The Democratic Process

The desire for freedom and the dissatisfaction with the politics of the government (including the colonial war), were some of the causes of the fall of the authoritarian regime in a peaceful coup, led by the army, on the 25th of April of 1974.

The country turned then dangerously to the left, approaching itself of the soviet regime, a situation that worried enormously Portugal’s allies. This lasted 1 and half years, when another military coup (25th of November of 1975), brought the country back to the path of true democratization.



Group photo of the first government and President elected after the revolution (1976).



In 1976 a new Constitution was drawn up, substituting the one that had been in use since 1933. In 1985 the country joined the then EEC. These two events – the democratization of the country and its inclusion in the European Union mark the beginning of a new era for Portugal – its normalization as a stable and mature democracy.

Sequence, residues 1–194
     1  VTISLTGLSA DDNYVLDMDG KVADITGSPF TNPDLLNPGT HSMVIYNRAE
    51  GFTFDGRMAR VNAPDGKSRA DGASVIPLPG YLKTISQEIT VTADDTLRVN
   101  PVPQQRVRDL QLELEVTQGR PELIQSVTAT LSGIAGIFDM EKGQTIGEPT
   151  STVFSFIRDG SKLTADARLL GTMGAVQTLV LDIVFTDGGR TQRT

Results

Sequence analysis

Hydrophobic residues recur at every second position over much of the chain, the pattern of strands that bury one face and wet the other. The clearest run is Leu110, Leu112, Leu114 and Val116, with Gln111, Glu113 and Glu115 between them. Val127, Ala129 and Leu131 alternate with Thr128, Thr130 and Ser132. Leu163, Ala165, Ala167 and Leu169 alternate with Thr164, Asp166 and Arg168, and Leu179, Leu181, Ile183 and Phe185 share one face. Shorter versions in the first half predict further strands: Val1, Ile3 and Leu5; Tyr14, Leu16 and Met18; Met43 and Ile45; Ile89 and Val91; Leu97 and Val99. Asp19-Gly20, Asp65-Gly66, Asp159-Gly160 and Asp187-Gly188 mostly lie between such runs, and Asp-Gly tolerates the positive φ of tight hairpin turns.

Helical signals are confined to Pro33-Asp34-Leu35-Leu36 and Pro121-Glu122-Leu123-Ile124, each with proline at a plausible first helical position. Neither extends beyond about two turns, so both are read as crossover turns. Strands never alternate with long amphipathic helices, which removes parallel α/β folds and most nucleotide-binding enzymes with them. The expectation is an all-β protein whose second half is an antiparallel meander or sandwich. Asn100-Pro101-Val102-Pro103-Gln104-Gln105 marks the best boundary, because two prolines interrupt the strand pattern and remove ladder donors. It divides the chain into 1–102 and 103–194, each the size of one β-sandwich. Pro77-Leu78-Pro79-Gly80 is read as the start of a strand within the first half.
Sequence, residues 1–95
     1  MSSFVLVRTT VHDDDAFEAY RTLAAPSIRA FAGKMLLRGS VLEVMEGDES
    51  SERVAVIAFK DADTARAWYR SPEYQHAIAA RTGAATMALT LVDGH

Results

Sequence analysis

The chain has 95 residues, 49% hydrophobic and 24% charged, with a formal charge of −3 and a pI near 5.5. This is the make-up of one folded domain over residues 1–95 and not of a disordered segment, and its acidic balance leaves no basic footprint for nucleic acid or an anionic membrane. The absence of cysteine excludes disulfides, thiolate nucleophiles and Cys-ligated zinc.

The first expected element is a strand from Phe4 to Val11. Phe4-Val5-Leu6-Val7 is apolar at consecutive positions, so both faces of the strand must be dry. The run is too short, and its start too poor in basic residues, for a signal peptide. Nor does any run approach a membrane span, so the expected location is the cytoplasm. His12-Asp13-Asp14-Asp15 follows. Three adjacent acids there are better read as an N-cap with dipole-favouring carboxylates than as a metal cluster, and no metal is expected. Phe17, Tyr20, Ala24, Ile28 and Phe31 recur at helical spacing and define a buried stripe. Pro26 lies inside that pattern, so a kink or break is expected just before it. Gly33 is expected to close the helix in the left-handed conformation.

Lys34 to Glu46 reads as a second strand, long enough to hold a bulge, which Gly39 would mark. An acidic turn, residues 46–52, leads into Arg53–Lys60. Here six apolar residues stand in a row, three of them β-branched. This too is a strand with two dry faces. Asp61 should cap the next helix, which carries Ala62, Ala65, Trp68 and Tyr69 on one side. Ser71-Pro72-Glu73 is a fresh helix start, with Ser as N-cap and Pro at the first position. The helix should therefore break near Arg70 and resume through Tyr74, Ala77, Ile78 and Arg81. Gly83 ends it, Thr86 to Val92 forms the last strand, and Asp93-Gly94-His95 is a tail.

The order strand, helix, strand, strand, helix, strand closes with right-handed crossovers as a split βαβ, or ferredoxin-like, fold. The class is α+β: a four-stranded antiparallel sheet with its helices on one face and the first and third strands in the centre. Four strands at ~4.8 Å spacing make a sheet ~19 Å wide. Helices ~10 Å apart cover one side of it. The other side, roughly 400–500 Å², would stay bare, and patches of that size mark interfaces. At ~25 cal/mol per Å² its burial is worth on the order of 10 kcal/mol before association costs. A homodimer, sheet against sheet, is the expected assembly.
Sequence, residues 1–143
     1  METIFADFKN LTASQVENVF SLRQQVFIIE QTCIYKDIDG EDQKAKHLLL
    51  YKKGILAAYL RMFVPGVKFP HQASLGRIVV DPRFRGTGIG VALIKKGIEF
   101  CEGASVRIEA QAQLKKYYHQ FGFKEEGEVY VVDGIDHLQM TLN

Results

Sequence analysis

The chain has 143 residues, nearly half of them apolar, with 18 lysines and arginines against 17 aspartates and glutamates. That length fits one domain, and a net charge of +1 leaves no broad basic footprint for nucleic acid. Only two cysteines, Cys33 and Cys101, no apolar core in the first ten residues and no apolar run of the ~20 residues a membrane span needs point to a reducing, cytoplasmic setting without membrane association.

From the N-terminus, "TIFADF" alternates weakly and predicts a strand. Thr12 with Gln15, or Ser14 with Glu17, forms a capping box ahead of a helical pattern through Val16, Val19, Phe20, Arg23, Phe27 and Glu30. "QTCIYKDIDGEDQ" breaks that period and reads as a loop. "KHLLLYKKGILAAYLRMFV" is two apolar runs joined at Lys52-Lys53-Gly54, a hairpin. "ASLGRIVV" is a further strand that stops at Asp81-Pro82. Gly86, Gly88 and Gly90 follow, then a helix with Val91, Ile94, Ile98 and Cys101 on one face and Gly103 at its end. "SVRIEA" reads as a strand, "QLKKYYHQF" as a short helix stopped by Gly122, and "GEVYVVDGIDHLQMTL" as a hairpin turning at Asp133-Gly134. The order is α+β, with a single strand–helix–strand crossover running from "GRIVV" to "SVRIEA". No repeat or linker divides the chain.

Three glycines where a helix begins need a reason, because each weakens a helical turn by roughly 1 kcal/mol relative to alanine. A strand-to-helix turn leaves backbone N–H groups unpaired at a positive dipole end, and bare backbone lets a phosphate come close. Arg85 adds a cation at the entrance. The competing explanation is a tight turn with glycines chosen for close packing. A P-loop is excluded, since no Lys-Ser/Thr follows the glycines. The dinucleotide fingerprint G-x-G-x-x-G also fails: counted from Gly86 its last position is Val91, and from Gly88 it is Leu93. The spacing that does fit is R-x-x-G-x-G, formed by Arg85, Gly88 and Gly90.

Signature in Lisbon (Mosteiro dos Jerónimos), of the Treaty of Adhesion to the EEC (1986).


Some military that participated in the Carnation Revolution of the 25th of April 1974. It is known by this name because of the carnations that the military and other intervenient began wearing on that day. It was a peaceful revolution, with almost no bloodshed, apart from some victims killed by the political police of the overthrown regime. The destitute government (lead by Marcelo Caetano, that had succeeded to Salazar in 1968) went into exile, first to Madeira and then to Brazil.

Time magazine cover, August 1975. It represents the international fear of a communist political turn in Portugal, transforming it in the first Marxist country of Western Europe.


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